BREAKING: Osun Election: Court Affirms Oyetola’s Candidacy, Refuses To Interfere In AUPC Internal Affairs


The Federal High Court in Abuja on Thursday dismissed a suit challenging Governor Adegboyega Oyetola’s emergence as the All Progressive Congress governorship candidate for the Osun gubernatorial election holding on July 16.

A chieftain of the All Progressive Congress, Alhaji Moshood Olalekan Adeoti had sued the APC, Oyetola and the Independent National Electoral Commission, accusing the governor of unlawfully contesting the primaries while holding position as member of the Caretaker Extraordinary and Convention Planning Committee (CECPC).

Adeoti, who was one of the aspirants in the party, argued that the APC violated Section 22(2) of the 1999 Constitution(as amended) and Article 31(iii) of the APC, October 2014 (as amended), by allowing Oyetola to run while being a member of the committee.

The plaintiff, through his counsel, Chiesonu Okpoko SAN, contended that Oyetola should have resigned from that committee, 30 days before the primary election on February 19.

But the APC and the Independent National Electoral Commission had entered preliminary objections on many grounds.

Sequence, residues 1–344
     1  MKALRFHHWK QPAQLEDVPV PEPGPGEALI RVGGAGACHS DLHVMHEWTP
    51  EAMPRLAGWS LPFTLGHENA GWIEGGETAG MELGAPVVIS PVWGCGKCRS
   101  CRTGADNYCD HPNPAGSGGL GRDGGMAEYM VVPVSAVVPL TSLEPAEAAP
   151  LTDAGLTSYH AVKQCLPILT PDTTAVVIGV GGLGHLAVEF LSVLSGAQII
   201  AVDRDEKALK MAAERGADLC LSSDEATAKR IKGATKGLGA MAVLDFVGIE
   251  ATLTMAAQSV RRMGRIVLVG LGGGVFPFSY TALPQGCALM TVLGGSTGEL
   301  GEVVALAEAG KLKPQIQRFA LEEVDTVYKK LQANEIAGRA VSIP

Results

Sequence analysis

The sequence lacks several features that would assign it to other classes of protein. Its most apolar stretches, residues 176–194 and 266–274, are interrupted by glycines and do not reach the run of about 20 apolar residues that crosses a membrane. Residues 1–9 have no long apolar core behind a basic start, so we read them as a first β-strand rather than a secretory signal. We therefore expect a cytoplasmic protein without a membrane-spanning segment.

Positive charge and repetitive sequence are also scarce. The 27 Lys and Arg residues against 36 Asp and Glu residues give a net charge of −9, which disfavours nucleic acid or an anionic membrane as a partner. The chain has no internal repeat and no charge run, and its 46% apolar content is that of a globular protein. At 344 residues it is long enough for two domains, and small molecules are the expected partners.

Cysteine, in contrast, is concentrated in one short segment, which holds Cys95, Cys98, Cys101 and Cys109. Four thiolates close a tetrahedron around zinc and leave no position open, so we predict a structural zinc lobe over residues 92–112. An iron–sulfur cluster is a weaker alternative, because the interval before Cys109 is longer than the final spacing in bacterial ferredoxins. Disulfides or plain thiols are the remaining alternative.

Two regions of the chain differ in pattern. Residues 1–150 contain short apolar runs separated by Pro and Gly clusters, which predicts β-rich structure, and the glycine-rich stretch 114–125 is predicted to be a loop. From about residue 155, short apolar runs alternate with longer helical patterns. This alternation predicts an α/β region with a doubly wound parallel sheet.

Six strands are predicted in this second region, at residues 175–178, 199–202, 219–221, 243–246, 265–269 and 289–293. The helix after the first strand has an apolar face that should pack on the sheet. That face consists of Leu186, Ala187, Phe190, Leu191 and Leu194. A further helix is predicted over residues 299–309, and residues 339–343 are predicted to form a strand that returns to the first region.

APC argued that the plaintiff’s originating process was incompetent because there was no law backing it.

The APC said that the court lacked jurisdiction to determine the suit as it is a matter of the internal affairs of the party.

Reading his judgement on Thursday, Justice Inyang Ekwo agreed with the APC that the committee is an adhoc arrangement within the party and does not amount to a constitutional office.

“The committee is an internal affairs of the APC and the court cannot interfere.

“The argument of the first defendant succeeds and I so hold,” the Judge said.

Regarding whether the suit was a pre-election matter, the judge held that the plaintiff’s suit would have made sense if he had challenged the status of the committee vis-a-vis the constitution, and not to challenge a political party were he contested and scored votes.

Ekwo further held that a political party party has power to amend its own constitution.

“I hereby decline jurisdiction in the internal affairs of a political party. Where a member is disatisfied with the party’s decision, the only option is for such person to leave.

“The plaintiff has shown no cause of action in the case and I so hold,” Ekwo said.

Subsequently, he dismissed the suit for being an abuse of court process and for having no iota of law backing the plantiff’s submissions,

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